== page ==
Headroom throughout is a decent 1.97m, and the lounge is pretty well served with three-pin plug sockets, including one on the nearside sofa box and two in the kitchen area.
A microwave is fitted as standard, and the domestic-style cooker, with three gas burners and an electric hotplate, separate oven and grill, are more than enough for culinary needs. Then there’s the massive auto-energy-selection Dometic fridge/freezer across the galley, which has a 190-litre capacity.
The kitchen splashguard is a stylish and thoughtful touch, and there are ample wire racks and shelves for all your food, pots and pans. The LED striplight on the underside of the worksurface is the icing on the cake.
We measured the mattress at 188 x 130cm at its widest, and 90cm at its foot, which one tester found too narrow for comfort, but which others found par for the course with French bed layouts. There are also mountings for a TV at the foot of the bed, and a handy concertina privacy curtain, should you have guests.
Up front, the sofas are too short to act as single beds as they are, but it’s quick and easy to slide the sofa bases together to form a transverse double, measuring 2.1 x 1.2m at its widest point. The backrest cushions fill in to make up a flat sleeping surface.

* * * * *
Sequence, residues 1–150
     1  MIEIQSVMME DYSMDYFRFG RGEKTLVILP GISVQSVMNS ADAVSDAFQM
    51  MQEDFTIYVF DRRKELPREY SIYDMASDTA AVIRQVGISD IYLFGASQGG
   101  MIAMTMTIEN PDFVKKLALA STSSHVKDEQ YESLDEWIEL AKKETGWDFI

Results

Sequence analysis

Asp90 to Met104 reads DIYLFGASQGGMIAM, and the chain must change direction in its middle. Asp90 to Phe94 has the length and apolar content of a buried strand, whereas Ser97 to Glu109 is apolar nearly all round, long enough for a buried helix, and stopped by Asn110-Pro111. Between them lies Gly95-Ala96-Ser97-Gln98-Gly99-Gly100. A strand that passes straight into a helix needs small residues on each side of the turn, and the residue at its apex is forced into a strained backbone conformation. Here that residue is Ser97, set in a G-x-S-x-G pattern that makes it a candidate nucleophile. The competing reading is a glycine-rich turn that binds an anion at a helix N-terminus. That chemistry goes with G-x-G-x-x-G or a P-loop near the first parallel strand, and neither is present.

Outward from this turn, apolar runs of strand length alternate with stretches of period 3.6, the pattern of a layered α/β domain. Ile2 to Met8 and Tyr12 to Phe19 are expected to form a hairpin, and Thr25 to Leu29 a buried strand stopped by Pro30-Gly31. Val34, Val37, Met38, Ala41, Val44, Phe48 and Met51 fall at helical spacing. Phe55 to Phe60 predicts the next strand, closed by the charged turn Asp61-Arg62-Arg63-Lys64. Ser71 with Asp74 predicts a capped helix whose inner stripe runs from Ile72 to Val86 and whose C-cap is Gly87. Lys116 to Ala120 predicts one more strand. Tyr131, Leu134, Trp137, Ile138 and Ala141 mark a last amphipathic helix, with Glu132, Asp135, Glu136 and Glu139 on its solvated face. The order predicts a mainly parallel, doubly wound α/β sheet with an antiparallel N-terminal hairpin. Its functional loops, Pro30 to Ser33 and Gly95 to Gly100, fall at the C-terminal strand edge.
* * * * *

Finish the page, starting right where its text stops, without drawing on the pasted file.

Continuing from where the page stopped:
Elsewhere in the washroom, there’s the usual assembly of towel rail, coat hook, cupholder and toilet-roll holder. The shower is tucked around the corner, directly behind the double bed, and is a massive, fully lined cubicle, measuring 1 x 0.64m. Ventilation is above the toilet rather than the shower, though, and the shower tray has just one drain plug.
We’ve already mentioned the pull-out wire baskets, drawers and locker space ferreted away in the kitchen area, but further back, the premium storage space is, of course, beneath that large double bed.
Handily, the mattress and its slatted base raise easily on gas struts, and are self-supporting when elevated, so you can effectively step in to the storage area underneath to remove heavier items more easily if need be. This area can also be accessed from outside the ’van through an external locker door.
The wardrobe is sited between the kitchen and the washroom door, and offers decent hanging space for the clothes of a couple, as well as four useful drawers underneath. There are more overhead lockers around the French bed, too.
Dometic Fridge, 3-burner gas with electric hot plate, Oven, Separate grill, Microwave
Thetford C-250 toilet, Separate shower cubicle
The Dakota is an accomplished two-berth with a truly luxurious layout, and its body style and interior layout can be customised to taste. What’s not negotiable is Auto-Trail’s trademark build quality and the quietness of its on-road performance. Some may find the interior styling and colour schemes a bit staid, but others will love its homeliness.
- Sociable lounge; storage; build quality
- No velcro or press-studs for seat cushions; plethora of remote controls;